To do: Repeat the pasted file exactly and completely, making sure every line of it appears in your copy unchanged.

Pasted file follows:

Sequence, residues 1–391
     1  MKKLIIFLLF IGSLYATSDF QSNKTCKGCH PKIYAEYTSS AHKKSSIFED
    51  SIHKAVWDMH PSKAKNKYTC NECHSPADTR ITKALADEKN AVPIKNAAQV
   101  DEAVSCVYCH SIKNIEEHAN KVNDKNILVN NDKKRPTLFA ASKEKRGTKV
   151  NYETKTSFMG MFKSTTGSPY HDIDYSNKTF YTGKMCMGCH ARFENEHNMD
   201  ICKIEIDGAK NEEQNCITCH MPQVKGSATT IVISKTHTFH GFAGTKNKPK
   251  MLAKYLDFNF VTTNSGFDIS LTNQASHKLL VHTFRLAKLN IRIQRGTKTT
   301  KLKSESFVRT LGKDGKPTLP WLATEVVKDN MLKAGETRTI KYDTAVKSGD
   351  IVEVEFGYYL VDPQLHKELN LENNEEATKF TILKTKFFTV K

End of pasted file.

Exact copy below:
Sequence, residues 1–391
     1  MKKLIIFLLF IGSLYATSDF QSNKTCKGCH PKIYAEYTSS AHKKSSIFED
    51  SIHKAVWDMH PSKAKNKYTC NECHSPADTR ITKALADEKN AVPIKNAAQV
   101  DEAVSCVYCH SIKNIEEHAN KVNDKNILVN NDKKRPTLFA ASKEKRGTKV
   151  NYETKTSFMG MFKSTTGSPY HDIDYSNKTF YTGKMCMGCH ARFENEHNMD
   201  ICKIEIDGAK NEEQNCITCH MPQVKGSATT IVISKTHTFH GFAGTKNKPK
   251  MLAKYLDFNF VTTNSGFDIS LTNQASHKLL VHTFRLAKLN IRIQRGTKTT
   301  KLKSESFVRT LGKDGKPTLP WLATEVVKDN MLKAGETRTI KYDTAVKSGD
   351  IVEVEFGYYL VDPQLHKELN LENNEEATKF TILKTKFFTV K